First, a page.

Beaufort to get New Conference Center


303 Associates to build marsh-side meeting center near Beaufort Town Center

April 5, 2008

By BRANDON HONIG- Beaufort Gazette

Beaufort developer 303 Associates is planning a 29,000-square-foot meeting facility for its Beaufort Town Center north of Boundary Street, which would eliminate the need for a civic meeting center, but the city is still looking to acquire property on Greenlawn Drive for a performing arts center.

Dick Stewart, principal of 303 Associates, said Friday that his company hopes to open a two-story meeting center in 2011 that would accommodate up to 850 people for meetings or 500 people for formal dining. The facility would be sited between the newly opened Hilton Garden Inn and the Inn at Town Center, which is expected to open in May, and overlook the marshes of Albergotti Creek.

The city of Beaufort has been eyeing the Marsh Pointe affordable housing complex on Greenlawn Drive as a possible site for a city-owned meeting center and performing arts center. Mayor Bill Rauch said Saturday that 303 Associates’ plans eliminate the need for a civic meeting center, but the city is still interested in Marsh Pointe for an arts center.

“It had been that the government was going to shoulder the load on a meeting center at the end of Greenlawn, but if that’s not necessary — if the private sector’s going to build something — we are absolutely obliged to step aside,” he said. “That doesn’t mean we would end activities (on Greenlawn), because we are still in need of a performing arts center.”

The city applied earlier this year for a $150,000 state grant to study the feasibility of building performing arts and meeting centers on Greenlawn. A decision on the grant is expected in June.

The city also hired The Barner Group of Aiken to coordinate the relocation of 26 families living in Marsh Pointe, which is owned and operated by the Beaufort Housing Authority. Once a relocation plan has been completed, the city may seek to acquire the 4-acre site from the housing authority.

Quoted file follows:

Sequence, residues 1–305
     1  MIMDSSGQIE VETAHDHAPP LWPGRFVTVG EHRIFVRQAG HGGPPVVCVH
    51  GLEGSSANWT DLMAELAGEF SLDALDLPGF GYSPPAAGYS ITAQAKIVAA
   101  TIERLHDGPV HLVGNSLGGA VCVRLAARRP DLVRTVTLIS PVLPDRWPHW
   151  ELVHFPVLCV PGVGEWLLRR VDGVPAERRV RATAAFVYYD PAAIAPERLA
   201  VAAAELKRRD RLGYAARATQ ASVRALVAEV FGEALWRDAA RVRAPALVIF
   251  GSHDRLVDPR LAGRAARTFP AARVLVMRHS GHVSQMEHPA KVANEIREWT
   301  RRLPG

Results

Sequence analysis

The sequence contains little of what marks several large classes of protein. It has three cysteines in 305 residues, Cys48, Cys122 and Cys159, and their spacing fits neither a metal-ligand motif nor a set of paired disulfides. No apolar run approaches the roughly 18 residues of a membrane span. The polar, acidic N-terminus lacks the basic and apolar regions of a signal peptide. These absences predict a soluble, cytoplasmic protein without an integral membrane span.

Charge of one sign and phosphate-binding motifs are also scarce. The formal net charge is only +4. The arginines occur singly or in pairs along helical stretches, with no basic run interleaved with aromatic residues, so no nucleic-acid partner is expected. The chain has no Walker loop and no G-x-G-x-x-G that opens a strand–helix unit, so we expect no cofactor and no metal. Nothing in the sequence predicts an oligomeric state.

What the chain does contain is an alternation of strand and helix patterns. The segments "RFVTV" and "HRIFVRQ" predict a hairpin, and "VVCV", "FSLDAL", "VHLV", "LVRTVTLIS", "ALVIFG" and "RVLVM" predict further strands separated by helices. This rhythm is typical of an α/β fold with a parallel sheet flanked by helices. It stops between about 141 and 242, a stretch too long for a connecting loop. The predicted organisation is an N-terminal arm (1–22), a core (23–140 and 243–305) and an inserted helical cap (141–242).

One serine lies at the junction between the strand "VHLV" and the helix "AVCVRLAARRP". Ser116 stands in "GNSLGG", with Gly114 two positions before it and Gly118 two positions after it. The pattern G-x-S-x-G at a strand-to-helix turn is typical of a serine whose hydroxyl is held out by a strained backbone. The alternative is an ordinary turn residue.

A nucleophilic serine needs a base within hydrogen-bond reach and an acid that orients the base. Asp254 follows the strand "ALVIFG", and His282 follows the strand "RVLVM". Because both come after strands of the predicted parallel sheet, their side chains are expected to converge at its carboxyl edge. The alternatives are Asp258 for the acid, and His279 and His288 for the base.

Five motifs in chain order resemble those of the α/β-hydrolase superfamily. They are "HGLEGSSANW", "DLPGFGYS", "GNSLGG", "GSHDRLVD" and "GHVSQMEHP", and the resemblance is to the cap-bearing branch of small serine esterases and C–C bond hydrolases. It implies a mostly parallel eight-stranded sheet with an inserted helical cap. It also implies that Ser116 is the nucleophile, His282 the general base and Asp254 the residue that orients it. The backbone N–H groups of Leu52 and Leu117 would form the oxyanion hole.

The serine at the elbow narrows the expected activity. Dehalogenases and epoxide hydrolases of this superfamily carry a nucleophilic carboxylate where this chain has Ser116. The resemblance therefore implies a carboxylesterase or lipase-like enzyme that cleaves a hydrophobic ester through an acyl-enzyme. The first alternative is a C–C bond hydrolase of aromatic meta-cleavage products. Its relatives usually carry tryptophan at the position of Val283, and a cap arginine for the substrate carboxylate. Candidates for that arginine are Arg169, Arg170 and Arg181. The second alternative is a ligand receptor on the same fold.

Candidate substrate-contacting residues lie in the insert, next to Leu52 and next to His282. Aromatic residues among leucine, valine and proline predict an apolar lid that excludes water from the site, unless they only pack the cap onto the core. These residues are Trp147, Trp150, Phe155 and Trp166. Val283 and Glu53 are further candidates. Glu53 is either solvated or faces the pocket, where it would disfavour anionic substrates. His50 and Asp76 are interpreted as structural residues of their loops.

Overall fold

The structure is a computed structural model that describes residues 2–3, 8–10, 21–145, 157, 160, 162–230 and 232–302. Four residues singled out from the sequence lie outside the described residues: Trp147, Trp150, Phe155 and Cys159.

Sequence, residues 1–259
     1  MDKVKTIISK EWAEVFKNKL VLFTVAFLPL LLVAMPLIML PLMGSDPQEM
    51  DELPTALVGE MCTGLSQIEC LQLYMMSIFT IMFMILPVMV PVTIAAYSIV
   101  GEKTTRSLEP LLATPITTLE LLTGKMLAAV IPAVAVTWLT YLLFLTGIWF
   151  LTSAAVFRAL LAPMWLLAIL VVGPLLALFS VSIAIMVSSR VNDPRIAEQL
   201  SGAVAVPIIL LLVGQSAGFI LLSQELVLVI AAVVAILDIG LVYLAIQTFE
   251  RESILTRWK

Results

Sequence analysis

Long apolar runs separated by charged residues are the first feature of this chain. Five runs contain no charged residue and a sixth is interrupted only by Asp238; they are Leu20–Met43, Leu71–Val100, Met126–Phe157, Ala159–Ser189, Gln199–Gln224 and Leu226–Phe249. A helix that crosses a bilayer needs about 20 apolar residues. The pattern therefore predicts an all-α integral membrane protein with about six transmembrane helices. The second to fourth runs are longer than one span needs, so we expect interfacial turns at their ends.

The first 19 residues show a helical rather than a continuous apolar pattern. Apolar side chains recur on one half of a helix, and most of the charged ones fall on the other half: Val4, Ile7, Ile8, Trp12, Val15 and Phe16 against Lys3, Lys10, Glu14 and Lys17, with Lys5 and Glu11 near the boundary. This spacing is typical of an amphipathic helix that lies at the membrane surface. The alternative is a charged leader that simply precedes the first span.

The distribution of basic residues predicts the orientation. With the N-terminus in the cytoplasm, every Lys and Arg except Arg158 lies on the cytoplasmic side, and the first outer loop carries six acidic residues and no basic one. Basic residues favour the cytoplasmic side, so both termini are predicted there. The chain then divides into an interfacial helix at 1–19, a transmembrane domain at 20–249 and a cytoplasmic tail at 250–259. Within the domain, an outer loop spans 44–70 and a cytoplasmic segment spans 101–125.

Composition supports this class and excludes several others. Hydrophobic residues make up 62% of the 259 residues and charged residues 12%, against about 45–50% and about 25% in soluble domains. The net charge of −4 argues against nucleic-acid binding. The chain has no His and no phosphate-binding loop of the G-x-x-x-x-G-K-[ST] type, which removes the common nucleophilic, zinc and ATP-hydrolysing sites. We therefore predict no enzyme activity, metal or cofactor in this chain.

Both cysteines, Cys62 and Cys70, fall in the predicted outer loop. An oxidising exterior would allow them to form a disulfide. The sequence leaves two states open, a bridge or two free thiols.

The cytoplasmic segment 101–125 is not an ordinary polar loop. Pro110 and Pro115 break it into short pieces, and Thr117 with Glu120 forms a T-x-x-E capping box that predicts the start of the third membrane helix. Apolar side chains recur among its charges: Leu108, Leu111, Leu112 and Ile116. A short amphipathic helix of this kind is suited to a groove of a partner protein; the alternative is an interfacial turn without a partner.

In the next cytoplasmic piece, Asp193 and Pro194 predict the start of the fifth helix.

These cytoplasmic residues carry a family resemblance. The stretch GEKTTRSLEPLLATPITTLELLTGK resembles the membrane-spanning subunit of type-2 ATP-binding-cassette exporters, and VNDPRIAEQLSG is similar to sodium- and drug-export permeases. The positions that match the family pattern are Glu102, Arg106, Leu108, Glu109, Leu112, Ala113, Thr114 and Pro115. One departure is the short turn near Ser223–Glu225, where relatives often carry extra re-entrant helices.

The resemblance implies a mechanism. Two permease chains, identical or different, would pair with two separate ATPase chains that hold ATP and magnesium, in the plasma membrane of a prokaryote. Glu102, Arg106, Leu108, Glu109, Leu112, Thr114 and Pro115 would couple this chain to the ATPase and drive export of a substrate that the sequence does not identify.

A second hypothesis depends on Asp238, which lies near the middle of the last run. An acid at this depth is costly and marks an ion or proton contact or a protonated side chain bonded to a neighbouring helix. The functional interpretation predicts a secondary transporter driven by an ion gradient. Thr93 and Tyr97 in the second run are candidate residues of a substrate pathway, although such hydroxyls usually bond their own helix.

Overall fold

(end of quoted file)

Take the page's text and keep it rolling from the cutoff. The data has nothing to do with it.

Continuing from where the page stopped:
Rauch said Barner has met with each of the 26 families to determine their needs and is making progress toward a relocation plan that would include turning many of the families from renters into homeowners.

“In many cases, we can get them into their own house,” he said. “It’d be just like a Habitat for Humanity house — the housing authority builds them a house, and instead of being a tenant, they would get their own house.”

Rauch said two families at Marsh Pointe have children with disabilities, and it should be relatively easy to acquire state or federal money to build them new homes. In addition, a “substantial number” of other families could receive their own homes.

Because of the need to acquire land and relocate families from Greenlawn, Stewart said he thought his meeting center could open seven or eight years earlier than a civic meeting center.

He also said building his facility would cost about $12 million less than a civic facility, largely because it could utilize the neighboring hotels’ parking lots instead of building a new parking lot. Building the facility at Marsh Pointe would also require acquiring more land for a new road and stormwater drainage system, Stewart said.

He added that the Hilton Garden Inn and 303 Associates’ two hotels, the Inn at Town Center and The Beaufort Inn, have agreed to contribute $1 toward the new meeting center for each night that someone spends at those hotels. Additional money for the project will be sought from the city, county and state.

Rauch said meeting centers are not generally very profitable, but all the hotels in the area would benefit from one.

“It’s a community amenity that brings people to town and brings economic vitality, but the building itself is not a big money maker,” he said. “People don’t pay lots of money to have meetings, but once they’re in town, they take hotel rooms and go to dinner and buy stuff.”

Stewart estimated the meeting center would generate between $200,000 and $400,000 in annual city taxes on meals and hotel stays.

To avoid concerns about the meeting center favoring certain hotels, Rauch said an independent manager, such as a convention and visitor’s bureau, might need to be set up, but Stewart said it’s too early to predict who would manage the center.


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